Risk is an excellent game to play with humans because of the psychological aspects and diplomacy, but Risk can be improved for the casual gamer. Strategery can be played both psychologically with humans and as a casual game. The polished interface, the random maps, dynamic flow and speed make for a better casual experience. Strategery has a simple interface that just makes sense. There are subtle animations: these are tastefully done to enhance your situation awareness. I like the moment of tension when your dice roll is mediocre and you see the first opposing dice settling on sixes. Even this is done at exactly the right speed - fast.

Yes, maps are randomly generated and regions generally have more adjacent regions than Risk. There are choke points but you must deduce these for every new map. A standard region supports a maximum of seven army dots and mega-regions max out at ten dots. Resupply is at the end of turn (not the start) and the amount is based upon the largest contiguous clump of regions controlled. Each dot represents a six sided dice that is rolled to battle. All attacking armies less one are moved into a conquered regions so no time is wasted in awkward troop transfers.

Strategery's limited dots per region reduces the "build up and overrun" effect of Risk's choke points and thus encourages a more dynamic flow. The resupply rule rewards maintaining territorial integrity and incremental expansion over lightning raids. Having said that, late game, you will goad an attack that exposes a weakness for you to exploit.

There are two game modifiers that change the play style; The casualty modes "Winner Takes All" and "Attrition" and the resupply placement types "Manual", "Border" and "Random". That's six variations that play differently. There are other modifiers but they have less of an impact on the game. Smaller maps mean there is no late game stages so I typically only play Epic. You can also choose if the map starts with all regions claimed or not.

The casualty modes select whether or not the winner of a battle takes casualties. Winner Takes All makes for a brutally fast early game but the late game is a grind. Attrition makes for a slower early game but a much faster late game. The resupply placements are manual placement which is slow and I think actually focuses you away from grand strategy into small conflicts. The border strategy resupplies regions that border an enemy region and this mode is good for faster games but does leave you prone to overruns. Random resupply replacements do the most to emphasize territorial integrity and incremental expansion.

The general strategy in the early game is to limit your border regions by taking choke points and building a contiguous territory. This limits attack vectors and gives time to build strength. Try to conquer new regions while minimising the number of new borders. Enemy will generally attack the weakest regions so think twice before taking a low-dot region that borders a high-dot enemy; you might be better to let the seven-dot attack first then clear up the weakened survivor.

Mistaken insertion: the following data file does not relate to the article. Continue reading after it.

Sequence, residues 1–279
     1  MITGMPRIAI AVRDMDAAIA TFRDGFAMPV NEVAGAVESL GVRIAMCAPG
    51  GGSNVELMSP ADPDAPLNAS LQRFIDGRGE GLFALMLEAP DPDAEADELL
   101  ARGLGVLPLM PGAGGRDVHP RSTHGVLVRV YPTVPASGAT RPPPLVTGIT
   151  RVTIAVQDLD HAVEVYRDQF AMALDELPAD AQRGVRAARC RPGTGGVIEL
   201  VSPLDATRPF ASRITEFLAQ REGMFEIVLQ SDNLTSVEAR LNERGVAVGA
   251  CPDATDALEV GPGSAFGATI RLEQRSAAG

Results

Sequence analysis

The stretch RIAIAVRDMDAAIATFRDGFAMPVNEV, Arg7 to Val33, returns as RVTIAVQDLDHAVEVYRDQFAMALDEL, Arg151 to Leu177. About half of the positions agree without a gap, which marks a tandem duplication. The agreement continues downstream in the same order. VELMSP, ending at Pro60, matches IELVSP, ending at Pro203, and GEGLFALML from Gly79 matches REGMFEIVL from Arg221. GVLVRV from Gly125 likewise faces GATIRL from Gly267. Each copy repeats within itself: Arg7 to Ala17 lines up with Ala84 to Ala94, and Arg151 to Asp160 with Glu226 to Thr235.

The mid-early game is about containing opponents. While you continue to expand, prioritise expansion towards your most threatening opponent while encouraging the other players to attack each other. Do not come between your enemies while they are killing each other. Keep your choke points and limit your borders but do make an opportunistic grab for a mega-region if that does not risk your territorial integrity. You should be building towards a dominant number of territories.

The mid-game is about finishing off weaker opponents and establishing territorial superiority. Continue to harass the largest opponent while finishing off weaker players if you can. Sometimes you can attack a well-entrenched (a few territories with high dot counts) player by waiting for an opponent to attack them first then striking in for a winning blow. A "buffer state" player will attack towards their easiest to win battles so ensure that is another opponent and not you.

The late game is all about resupply. By this time you have territorial superiority so you are getting more resupply per turn. Take advantage of this by increasing the number of regions with enemy borders. If you can make a run to a map edge and split the enemy territory then you strike a huge blow to their resupply. The simple math is that if you inflict more casualties than the enemy can replace then you will win. If your dot count is increasing while the opponent's dot count is decreasing then you are winning.

Late in attrition games you will be attacking with every possible region (even a two-dot into a ten-dot) because you know that your two-dot region will be fully resupplied and you will inflict casualties that will not be replaced. Late in Winner Takes All games you will generally be attacking seven-dot versus seven-dot so conquer regions where you increase your number of seven-dot attack vectors onto further single enemy regions. In the late-late Winner Takes All games you will conquer regions where the enemy has more attack vectors onto your regions - because they will not be able to resupply fully.

My favourite game is Winner Takes All casualties with Random resupply but this can make for long games. In this game type you want a strong hinterland. These are regions that experience long-periods of peace so they eventually fill up and that focuses your resupply forward. When your border is overrun then you can "blow" one of your hinterland regions to retake lost territory. As you push into the opponent's hinterland expect them to "blow" their seven dots and overrun you in counter-attack. This is fine provided they are unable to fully resupply the hinterland. This ebb and flow is what makes Winner Take All / Random resupply an exciting game.

For shorter games try attrition with border resupply. That's enough writing - I'm off to play.